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6 key themes shaping the future of network performance management

Jul 02, 20188 mins
Network Management SoftwareNetworking

A new study sheds light on the latest network management trends. Here’s what you need to know to make informed, strategic decisions as you strive for network continuity.

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We live in an exciting era for IT. Countless new technologies are changing how networks are built, how access is provided, how data is transmitted and stored, and much more. Cloud, IoT, edge computing and machine learning all offer unique opportunities for organizations to digitally transform the way they conduct business. Different as these technologies are, they are unified by their dependence on a properly functioning network, on what might be called “network continuity.” The key component for achieving network continuity is visibility.

It’s no secret that new and emerging technologies have always driven networking best practices. With such a wide range of business objectives and activities relying on IT, network performance really is a life or death issue for most companies. So, it’s critical that we maintain a firm grasp on the latest industry trends in order to make informed, strategic network management decisions.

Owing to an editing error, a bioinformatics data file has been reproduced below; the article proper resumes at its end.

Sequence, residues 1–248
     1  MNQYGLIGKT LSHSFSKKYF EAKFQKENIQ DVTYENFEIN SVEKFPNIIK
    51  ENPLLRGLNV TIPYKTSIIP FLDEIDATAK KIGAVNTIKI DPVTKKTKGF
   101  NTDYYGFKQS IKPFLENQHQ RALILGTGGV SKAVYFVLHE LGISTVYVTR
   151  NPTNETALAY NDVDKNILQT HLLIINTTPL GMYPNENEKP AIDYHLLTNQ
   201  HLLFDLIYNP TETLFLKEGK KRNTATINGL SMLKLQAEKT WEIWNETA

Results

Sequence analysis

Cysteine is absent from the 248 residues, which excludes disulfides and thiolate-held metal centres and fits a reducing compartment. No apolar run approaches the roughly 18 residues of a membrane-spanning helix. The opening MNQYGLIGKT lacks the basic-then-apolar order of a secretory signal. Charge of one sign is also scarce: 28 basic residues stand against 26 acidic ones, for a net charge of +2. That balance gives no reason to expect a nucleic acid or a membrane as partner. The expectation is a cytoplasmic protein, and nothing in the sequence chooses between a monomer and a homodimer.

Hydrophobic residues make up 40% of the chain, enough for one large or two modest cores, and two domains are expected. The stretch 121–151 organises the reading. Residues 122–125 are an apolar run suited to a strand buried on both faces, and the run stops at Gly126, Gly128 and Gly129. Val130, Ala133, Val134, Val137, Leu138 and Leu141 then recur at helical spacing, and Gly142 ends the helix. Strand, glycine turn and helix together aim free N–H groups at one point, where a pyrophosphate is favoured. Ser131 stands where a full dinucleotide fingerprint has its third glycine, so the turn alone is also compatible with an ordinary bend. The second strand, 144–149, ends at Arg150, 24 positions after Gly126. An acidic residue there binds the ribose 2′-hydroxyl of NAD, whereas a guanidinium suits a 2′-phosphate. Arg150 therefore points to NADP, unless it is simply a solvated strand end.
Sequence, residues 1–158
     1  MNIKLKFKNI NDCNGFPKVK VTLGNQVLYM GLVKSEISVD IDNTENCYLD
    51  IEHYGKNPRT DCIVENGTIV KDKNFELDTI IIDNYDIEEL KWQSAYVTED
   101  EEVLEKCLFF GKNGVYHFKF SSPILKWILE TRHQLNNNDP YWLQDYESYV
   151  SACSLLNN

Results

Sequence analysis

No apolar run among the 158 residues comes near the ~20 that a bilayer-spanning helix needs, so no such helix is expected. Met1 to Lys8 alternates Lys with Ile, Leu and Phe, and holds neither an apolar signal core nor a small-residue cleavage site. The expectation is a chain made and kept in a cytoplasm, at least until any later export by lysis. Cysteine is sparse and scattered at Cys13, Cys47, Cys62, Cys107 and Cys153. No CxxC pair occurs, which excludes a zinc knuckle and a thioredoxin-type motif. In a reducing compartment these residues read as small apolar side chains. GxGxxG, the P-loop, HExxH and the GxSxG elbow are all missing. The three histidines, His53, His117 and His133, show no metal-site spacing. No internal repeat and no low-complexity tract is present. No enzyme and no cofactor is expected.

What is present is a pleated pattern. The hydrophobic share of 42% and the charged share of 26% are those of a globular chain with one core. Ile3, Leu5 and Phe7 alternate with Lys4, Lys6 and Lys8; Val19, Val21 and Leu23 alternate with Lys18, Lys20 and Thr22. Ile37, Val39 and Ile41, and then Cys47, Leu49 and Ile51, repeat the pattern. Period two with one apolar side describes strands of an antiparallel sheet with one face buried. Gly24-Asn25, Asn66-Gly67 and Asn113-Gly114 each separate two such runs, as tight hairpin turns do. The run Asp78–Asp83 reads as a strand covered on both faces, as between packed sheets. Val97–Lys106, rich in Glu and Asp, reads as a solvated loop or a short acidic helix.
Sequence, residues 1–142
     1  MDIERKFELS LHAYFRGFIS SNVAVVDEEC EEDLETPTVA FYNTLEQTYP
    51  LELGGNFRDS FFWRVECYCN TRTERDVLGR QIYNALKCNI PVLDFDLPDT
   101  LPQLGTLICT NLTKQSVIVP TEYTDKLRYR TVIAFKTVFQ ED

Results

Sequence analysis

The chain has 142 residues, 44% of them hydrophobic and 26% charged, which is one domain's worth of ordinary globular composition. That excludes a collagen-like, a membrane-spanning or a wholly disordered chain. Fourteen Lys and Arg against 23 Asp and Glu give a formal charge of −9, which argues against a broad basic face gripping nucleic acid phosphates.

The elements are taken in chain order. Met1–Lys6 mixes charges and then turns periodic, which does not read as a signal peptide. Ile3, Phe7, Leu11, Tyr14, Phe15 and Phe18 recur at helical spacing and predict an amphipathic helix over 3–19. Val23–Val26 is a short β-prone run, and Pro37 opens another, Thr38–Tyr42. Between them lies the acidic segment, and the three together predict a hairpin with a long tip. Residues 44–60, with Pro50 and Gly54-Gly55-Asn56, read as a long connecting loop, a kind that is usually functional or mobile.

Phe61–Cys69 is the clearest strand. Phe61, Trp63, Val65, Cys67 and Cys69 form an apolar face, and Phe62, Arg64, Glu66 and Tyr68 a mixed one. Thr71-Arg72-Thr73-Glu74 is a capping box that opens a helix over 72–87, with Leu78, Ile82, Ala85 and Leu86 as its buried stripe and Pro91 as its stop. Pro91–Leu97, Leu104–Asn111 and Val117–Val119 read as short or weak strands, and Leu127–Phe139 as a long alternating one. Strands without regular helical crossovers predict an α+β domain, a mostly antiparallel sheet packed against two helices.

To help explore these trends, Enterprise Management Associates (EMA) recently released the 2018 edition of its bi-annual network management study. From the broad impacts of cloud services and networking toolset challenges, to the convergence between operations (NetOps) and IT security, the report reveals several fascinating themes that are changing network management processes, and their business impact for the enterprise.

Here are six key network management trends and why organizations should care:  

1. New types of IT initiatives are influencing network management priorities

In previous years, server virtualization reigned as the number one driver behind network decision-making by a wide margin. In fact, nearly half (49 percent) of IT pros reported it as their top initiative in 2016. This is simply no longer the case in the 2018 study, just two years later.

According to EMA, software defined data centers (SDDCs), public cloud or infrastructure as a service (IaaS), and private cloud initiatives are now the most influential drivers behind network management decision-making. This shift makes sense. As these technologies add a host of new efficiencies and complexities to the network management processes, enterprises will require solutions that can provide a holistic, deep view into network performance.